The Partnership to Improve Patient Care (PIPC) proudly joined 30 leading disability rights and racial justice organizations in a letter to the Department of Health and Human Services' Office of Civil Rights that calls for additional regulatory action aimed at preventing discrimination in health care. In particular, the letter calls on HHS to formally issue its Information (RFI) on “Discrimination on the Basis of Disability in Critical Health and Human Service Programs or Activities” (PDF) (RIN: 0945-AA15).
PIPC Joins 30 Leading Disability and Civil Rights Stakeholders in Letter Asking HHS to Step Up Nondiscrimination Efforts
60 Patient and Disability Groups Join PIPC in Comment Letter to HHS Opposing Most Favored Nations Rule
In a letter to the Institute for Clinical and Economic Review (ICER), Partnership to Improve Patient Care (PIPC) Chairman Tony Coelho provided feedback on ICER’s draft evidence report for high cholesterol treatments.
More than 40 Leading Patient and Disability Groups Join PIPC Comment Letter on PCORI Outcome Principles
Over 40 leading groups and individuals representing the patient and disability communities signed onto the Partnership to Improve Patient Care's (PIPC) comment letter to the Patient-Centered Outcomes Research Institute (PCORI) on its Proposed Principles for the Consideration of the Full Range of Outcomes Data. The letter applauds Executive Director Nakela Cook for recognizing the PCORI authorizing statue's prohibition on cost-effective analysis, thus protecting patients from harmful and restrictive coverage decisions. The letter also emphasizes three key recommendations to PCORI, including: (1) promote usability of collected information for decision-making, including patients with multiple chronic conditions and their caregivers; (2) contextualize the cost information being communicated to ensure it is not used against patients and providers; and (3) solicit and appoint new Methodology Committee members who have appropriate expertise in the collection and communication of patient-level data.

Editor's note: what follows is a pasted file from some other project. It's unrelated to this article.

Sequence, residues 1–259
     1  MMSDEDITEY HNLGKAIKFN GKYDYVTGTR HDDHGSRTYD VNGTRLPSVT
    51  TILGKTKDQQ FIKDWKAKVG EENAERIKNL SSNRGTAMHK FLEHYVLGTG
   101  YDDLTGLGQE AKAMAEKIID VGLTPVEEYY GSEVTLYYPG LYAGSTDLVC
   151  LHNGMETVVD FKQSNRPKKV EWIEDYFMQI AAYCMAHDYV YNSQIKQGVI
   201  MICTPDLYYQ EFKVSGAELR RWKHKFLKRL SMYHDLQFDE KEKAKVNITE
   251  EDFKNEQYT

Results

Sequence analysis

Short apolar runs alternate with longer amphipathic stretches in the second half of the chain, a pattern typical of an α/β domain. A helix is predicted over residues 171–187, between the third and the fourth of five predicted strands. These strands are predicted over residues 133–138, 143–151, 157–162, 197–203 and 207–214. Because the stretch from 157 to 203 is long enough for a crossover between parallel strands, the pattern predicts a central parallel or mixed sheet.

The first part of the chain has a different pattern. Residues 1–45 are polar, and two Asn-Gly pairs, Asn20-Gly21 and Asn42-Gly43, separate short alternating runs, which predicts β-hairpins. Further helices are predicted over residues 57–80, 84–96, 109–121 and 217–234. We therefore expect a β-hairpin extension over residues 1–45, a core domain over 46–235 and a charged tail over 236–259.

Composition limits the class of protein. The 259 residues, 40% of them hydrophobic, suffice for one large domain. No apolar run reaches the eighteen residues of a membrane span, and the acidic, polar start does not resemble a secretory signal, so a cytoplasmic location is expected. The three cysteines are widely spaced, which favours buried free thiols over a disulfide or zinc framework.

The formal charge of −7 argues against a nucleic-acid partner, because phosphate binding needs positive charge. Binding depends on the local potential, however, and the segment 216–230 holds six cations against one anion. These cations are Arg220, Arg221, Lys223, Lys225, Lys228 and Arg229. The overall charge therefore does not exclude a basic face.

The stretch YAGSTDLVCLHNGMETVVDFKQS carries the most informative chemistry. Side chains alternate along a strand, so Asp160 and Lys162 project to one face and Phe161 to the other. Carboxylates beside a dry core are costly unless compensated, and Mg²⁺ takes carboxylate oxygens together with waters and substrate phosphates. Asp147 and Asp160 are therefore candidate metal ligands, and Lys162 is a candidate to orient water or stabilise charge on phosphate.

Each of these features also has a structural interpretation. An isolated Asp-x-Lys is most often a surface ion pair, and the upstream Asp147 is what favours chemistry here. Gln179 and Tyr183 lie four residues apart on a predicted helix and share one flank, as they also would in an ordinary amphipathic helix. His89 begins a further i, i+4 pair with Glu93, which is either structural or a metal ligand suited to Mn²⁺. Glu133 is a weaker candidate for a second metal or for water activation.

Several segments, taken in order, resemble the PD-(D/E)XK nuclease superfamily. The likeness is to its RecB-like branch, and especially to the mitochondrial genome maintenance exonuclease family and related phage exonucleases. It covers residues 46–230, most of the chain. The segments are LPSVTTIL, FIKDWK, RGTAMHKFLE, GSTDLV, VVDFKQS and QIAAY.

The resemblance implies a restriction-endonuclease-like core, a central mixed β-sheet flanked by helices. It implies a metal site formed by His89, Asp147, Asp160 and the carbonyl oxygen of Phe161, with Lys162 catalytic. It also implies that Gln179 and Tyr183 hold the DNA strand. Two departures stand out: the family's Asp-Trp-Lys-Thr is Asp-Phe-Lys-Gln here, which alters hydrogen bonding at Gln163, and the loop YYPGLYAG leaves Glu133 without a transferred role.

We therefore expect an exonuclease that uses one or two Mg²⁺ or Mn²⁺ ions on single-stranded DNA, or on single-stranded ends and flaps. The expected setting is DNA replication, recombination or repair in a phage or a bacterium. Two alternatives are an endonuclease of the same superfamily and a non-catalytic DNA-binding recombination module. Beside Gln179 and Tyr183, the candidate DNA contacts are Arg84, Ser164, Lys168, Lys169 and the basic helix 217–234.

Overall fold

Amidst the debate around value driven health care, it is important to understand what organizations can support such a system. Two prominent organizations, the Patient-Centered Outcomes Research Institute (PCORI) and the Institute for Clinical and Economic Review (ICER), are positioned to help decision makers compare available treatment options. However, their approaches differ significantly.
The Partnership to Improve Patient Care (PIPC) submitted a comment letter to the Institute for Clinical and Economic Review (ICER) on its draft evidence report for bladder cancer treatments. PIPC Chairman Tony Coelho criticized ICER for continuing to conduct studies prematurely, as well as assessing the value-based price of these drugs in the absence of sufficient evidence. Chairman Coelho also noted that the mixed data sources for measures of effectiveness in the report are likely to lead to biased estimates in ICER's model. "Bladder cancer can present many challenges to a patient’s quality of life, and there are currently very few treatment options for patients with high-risk non-muscle invasive bladder cancer that is unresponsive to BCG," wrote Chairman Coelho. "It is critical that new treatments are evaluated carefully when there is appropriate available evidence."